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United States v. Aguilera-Montoya

United States District Court, Ninth Circuit

June 10, 2013

United States of America, Plaintiff/Respondent,
v.
Francisco Aguilera-Montoya, Defendant/Movant.

REPORT AND RECOMMENDATION

LAWRENCE O. ANDERSON, Magistrate Judge.

This case is before the Court on Defendant Francisco Aguilera-Montoya's ("Movant") pro se Motion to Vacate, Set Aside or Correct Sentence by a Person in Federal Custody pursuant to 28 U.S.C. § 2255. (Doc. 1[1]) The United States ("Respondent") filed a Response, doc. 8, but Movant did not file a Reply and the time to do so has expired.

I. Procedural Background

On September 5, 2011, Movant was arrested by Immigration and Enforcement agents and, two days later, was charged via Complaint with Reentry of Removed Alien, a felony, in violation of 8 U.S.C. § 1326(a), as the sentence may be enhanced by § 1326(b)(1). (CR doc. 1) On September 20, 2011, Movant waived his right to proceed by indictment and Respondent filed an information, charging Movant with same crime alleged in the Complaint. (CR doc. 7) That same day, Movant entered into a written plea agreement with Respondent in which he pled guilty to Reentry of Removed Alien as alleged in the information. (CR doc. 23)

During the change-of-plea proceeding before Magistrate Judge David K. Duncan, Movant admitted he was not a citizen or national of the United States and was removed from the United States through Nogales, Arizona on February 24, 2005. (CR doc. 23 at 17) Movant further admitted that, without obtaining the express consent of United States before he returned to the United States, he voluntarily returned and was found in or near Phoenix, Arizona on September 28, 2009. ( Id. at 17-18) Movant also admitted that, for sentencing purposes, he was convicted of Aggravated Assault and Leaving the Scene of a Serious Injury or Fatal Accident, both felonies, on December 4, 2003, in the Maricopa County Superior Court, State of Arizona. ( Id. at 18) Movant admitted he was represented by an attorney in that State matter and was sentenced to one-and-a-half years in prison for the aggravated assault conviction and three years probation for the leaving-the-scene conviction. ( Id. )

During the change-of-plea proceeding, Movant agreed to waive his rights to appeal and collaterally attack his federal conviction and sentence, provided his sentence was consistent with his plea agreement. (CR doc. 10 at 5; doc. 23 at 16-17) As to his sentence, Movant's plea agreement provided he be sentenced in accordance with the United States Sentencing Guidelines ("Guidelines"), considering any prior felony enhancement and reductions pursuant to the Attorney General's Early Disposition Program and Movant's acceptance of responsibility. (CR doc. 10 at 2-4) The sentencing ranges set forth in the plea agreement varied according to any enhanced offense level for Movant's prior felony conviction and his criminal history category. ( Id. )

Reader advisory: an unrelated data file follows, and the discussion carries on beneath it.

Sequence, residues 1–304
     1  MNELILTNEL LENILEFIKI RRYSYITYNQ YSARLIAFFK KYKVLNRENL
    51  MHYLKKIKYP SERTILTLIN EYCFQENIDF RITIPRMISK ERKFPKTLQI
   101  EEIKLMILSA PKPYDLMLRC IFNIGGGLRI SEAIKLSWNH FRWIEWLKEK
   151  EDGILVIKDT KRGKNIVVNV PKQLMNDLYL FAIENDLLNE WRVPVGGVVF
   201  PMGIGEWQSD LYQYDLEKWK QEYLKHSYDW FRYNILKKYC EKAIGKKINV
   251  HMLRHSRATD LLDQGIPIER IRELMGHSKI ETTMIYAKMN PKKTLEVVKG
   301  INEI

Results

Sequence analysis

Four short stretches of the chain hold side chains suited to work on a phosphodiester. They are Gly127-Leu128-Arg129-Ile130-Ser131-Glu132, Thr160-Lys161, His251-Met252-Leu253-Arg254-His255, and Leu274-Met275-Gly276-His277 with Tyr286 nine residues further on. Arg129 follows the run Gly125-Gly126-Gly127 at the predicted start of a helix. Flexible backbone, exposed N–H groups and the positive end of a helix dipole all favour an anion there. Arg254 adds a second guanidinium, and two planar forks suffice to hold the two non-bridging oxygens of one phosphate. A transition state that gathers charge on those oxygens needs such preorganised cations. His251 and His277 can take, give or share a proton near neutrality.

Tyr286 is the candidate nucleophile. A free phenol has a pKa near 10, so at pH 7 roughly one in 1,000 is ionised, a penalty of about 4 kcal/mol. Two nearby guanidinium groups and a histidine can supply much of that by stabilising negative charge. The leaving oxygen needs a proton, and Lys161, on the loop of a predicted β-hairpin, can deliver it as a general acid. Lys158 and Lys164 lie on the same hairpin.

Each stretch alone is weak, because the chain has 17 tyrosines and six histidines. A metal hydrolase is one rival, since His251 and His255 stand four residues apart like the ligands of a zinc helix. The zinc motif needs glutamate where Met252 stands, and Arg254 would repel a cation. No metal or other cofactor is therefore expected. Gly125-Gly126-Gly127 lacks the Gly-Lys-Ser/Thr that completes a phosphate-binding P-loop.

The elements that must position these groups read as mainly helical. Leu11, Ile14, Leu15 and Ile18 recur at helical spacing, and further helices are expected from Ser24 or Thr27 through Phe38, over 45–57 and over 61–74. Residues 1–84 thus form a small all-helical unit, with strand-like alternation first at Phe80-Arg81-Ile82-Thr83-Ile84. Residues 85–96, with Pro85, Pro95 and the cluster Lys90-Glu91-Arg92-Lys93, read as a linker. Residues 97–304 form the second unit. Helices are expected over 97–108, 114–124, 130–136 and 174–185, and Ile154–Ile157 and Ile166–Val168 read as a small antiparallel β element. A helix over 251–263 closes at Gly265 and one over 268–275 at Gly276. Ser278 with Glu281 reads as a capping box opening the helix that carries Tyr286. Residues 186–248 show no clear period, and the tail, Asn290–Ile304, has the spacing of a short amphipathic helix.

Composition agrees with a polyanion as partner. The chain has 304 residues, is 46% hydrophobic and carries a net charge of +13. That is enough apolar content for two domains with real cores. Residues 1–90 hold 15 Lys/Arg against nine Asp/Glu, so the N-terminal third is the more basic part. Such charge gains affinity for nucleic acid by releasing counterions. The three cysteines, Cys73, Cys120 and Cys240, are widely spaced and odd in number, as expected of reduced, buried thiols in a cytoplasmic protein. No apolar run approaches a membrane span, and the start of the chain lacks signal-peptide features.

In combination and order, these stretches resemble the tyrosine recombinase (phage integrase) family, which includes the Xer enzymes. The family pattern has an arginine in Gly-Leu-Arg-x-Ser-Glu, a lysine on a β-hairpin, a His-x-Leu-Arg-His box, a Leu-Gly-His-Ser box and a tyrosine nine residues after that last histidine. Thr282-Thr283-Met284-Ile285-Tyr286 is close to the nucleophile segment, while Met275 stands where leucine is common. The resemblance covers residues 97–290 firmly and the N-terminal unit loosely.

Before asking Movant for his plea, Magistrate Judge Duncan inquired whether someone read Movant the plea agreement before he signed it and whether he understood everything in it, to which Movant responded, "Yes." (CR doc. 23 at 4) Movant told Magistrate Judge Duncan he had enough time to talk with his lawyer, had his questions answered, and was satisfied with his counsel's representation to that point in time. ( Id. at 4-5) Movant further stated he understood the nature of the offense to which he was pleading guilty and the maximum penalties available for that offense. ( Id. at 7-8) When asked if anyone forced him to plead guilty, made threats against him, or made any unwritten promises to him to get him to plead guilty, Movant answered, "No." ( Id. at 9) Movant also stated he understood the Court's explanation of how sentencing works in District Court and had no questions about sentencing. ( Id. at 12-14)